Not far away is another overgrown site just off 66 that I hadn’t seen:  Larry Baggett’s Trail of Tears Memorial.  Larry was known for his eccentricities and claimed to have been visited by the ghosts of Native Americans that had died making the journey across the country during the forced relocation in the 1800s.  He built a tribute memorial to these lost souls out of native stone over more than thirty years.  The entrance features a beautiful archway and several statues; one of them, a self-portrait of Larry, has been vandalized severely and no longer features a head or hands.  There’s also a wishing well, a few rock gardens, and a house at the top of the hill built around three living trees.  Larry passed away in 2003 and the site had been abandoned and vandalized in years since.

Trail

I didn’t expect to get to see much of it in detail, as trespassing is not my thing, but my timing was perfect: the current owner was on the property, cleaning up a few areas and trimming brush.  She introduced herself as Marie and told me a bit about the place, pointing out a few areas of interest. One of them was a white statue on the hillside, which represents a folk story that Larry told visitors about a club-footed boy and an albino bison.  She lamented the damage to the site over the years but said she was optimistic about getting the place ready for visitors in about a year, provided things go well and nothing else gets damaged.

I continued west on Route 66, stopping briefly in Devil’s Elbow to capture their restored truss bridge before hopping back on the interstate so I wouldn’t miss a showing of Shellee Graham’s documentary about the lost Coral Court Motel in St. Louis.  It was a delightful homecoming; we all had a great time catching up with each other and preparing for Saturday’s events.  I can’t wait to tell everyone about it and will be writing about them soon!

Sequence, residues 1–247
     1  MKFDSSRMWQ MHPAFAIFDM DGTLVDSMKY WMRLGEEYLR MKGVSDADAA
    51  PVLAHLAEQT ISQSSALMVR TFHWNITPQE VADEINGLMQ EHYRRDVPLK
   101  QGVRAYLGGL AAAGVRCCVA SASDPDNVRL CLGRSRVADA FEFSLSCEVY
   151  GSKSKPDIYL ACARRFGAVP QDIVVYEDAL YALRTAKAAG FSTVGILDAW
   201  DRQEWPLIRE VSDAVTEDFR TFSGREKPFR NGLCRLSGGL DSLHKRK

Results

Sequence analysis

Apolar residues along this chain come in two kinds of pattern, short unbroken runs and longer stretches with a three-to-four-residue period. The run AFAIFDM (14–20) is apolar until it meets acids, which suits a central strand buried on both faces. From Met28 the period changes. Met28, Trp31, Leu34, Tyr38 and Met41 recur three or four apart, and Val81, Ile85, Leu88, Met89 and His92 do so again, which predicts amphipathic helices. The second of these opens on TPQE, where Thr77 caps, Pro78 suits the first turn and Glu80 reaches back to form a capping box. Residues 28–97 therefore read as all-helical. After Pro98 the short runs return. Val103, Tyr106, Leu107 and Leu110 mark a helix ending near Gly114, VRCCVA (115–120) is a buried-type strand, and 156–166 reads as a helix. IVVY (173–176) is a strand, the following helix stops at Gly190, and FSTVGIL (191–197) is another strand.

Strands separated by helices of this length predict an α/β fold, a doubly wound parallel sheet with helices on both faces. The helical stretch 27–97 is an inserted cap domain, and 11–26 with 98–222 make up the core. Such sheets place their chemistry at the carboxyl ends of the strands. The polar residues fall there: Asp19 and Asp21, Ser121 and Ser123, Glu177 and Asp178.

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About rhysfunk

Rhys Martin was born in Tulsa, Oklahoma in 1981. In 2009, he sold everything he owned and left the country, living out of a backpack for ten months. He discovered a passion for photography while traveling throughout Southeast Asia and Europe. After returning home, he looked at his home town and Oklahoma heritage with fresh eyes. When he began to explore his home state, Rhys turned his attention to historic Route 66. As he became familiar with the iconic highway, he began to truly appreciate Oklahoma’s place along the Mother Road. He has traveled all 2,400 miles of Route 66, from Chicago to Los Angeles. He has also driven many miles on rural Oklahoma highways to explore the fading Main Streets of our small towns. Rhys has a desire to find and share the unique qualities of the Sooner State with the rest of the world. Cloudless Lens Photography has been featured in several publications including This Land, Route 66 Magazine, Nimrod Journal, Inbound Asia Magazine, The Oklahoman, and the Tulsa World. Rhys loves to connect with people and share his experiences; ask him about enjoyable day trips from Tulsa, locations along Route 66, and good diners or burger joints along the way.